Microsoft's Last Major OS Becomes Its Most Popular OS
Now that Windows 10 has surpassed Windows 7 for the first time in global usage statistics, it's not just the latest round of Microsoft's reigning OS passing the torch to the newest release. This time it marks the ascendance of the new model of Windows.
"This is a breakthrough for Microsoft," said StatCounter CEO Aodhan Cullen in a statement this month about the handover of the lead. StatCounter, a Web analytics company, tracks operating system, browser and screen resolution information for 10 billion visitors each month to more than 2 million sites worldwide.
Cullen is talking about Windows 10's January 2018 results as a breakthrough in terms of wresting control from Windows 7, which, like Windows XP before it, has proven to be an exceptionally sticky OS version for Microsoft.
In January, Windows 10 hit 42.78 percent share worldwide, compared to 41.86 percent for Windows 7. The worldwide milestone follows similar crossover points in the United Kingdom (June 2016) and the United States (January 2017).
"Windows 10 was launched at the end of July 2015 and Microsoft will be pleased to have put its Windows 8 experience behind it. However, Windows 7 retains loyalty especially amongst business users. Microsoft will be hoping that it can replace it a lot quicker than XP, launched back in August 2001, which only fell below 5% usage worldwide in June of 2017," Cullen said.
Perhaps more significant, though, is that Windows 10's leading place asserts Windows as a Service, with rolling updates and an end to the old cycle of major launches every three years, as the mainstream version of Windows in the world.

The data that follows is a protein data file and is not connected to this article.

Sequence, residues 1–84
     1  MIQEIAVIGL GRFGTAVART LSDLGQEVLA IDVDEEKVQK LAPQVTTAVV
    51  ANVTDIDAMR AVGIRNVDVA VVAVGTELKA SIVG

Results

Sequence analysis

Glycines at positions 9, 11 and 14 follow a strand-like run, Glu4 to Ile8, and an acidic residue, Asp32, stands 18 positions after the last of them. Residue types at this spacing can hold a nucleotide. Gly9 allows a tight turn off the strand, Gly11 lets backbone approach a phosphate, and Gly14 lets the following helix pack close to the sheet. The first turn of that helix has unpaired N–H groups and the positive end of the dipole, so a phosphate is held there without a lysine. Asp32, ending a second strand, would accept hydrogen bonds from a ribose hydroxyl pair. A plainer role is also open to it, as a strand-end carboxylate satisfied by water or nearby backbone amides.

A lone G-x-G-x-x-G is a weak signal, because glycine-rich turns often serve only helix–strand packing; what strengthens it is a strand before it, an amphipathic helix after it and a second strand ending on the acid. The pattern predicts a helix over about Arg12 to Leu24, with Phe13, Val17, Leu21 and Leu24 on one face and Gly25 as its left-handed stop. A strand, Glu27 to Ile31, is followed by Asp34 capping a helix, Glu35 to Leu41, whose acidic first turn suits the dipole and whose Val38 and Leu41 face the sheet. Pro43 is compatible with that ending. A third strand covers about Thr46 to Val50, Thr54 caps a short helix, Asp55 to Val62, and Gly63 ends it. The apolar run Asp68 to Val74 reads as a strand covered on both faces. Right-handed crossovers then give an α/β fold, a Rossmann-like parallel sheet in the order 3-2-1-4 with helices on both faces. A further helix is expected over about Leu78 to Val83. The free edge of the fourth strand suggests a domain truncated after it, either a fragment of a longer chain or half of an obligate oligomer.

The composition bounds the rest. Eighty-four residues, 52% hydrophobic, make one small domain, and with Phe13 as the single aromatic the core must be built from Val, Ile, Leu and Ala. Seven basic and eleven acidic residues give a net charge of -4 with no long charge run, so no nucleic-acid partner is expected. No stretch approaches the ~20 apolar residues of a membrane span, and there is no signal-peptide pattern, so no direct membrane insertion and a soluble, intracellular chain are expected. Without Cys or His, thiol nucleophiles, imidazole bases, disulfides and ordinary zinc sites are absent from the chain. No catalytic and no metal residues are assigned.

There was a lot of hand-wringing about what exactly was meant when Microsoft officials called Windows 10 the "last major release" of Windows. It doesn't mean much in terms of new features or security patches, which continue to flood in, and at a much more rapid pace than in the old Windows model.
What it does mean is that once users are on Windows 10, they're supported for the life of their device, theoretically protecting them, Microsoft and the Internet at large from the kinds of security issues that have emerged and spread after a still-popular OS has fallen out of support.
The model could have been a failure. It could have followed in the footsteps of Windows 8, which also demanded a lot of adjustment from customers, who, in the main, refused Microsoft's directives.
Instead, Windows 10 -- and Microsoft's new approach to version support -- is the leading type of Windows by market share.
Posted by Scott Bekker on 02/07/2018 at 12:24 PM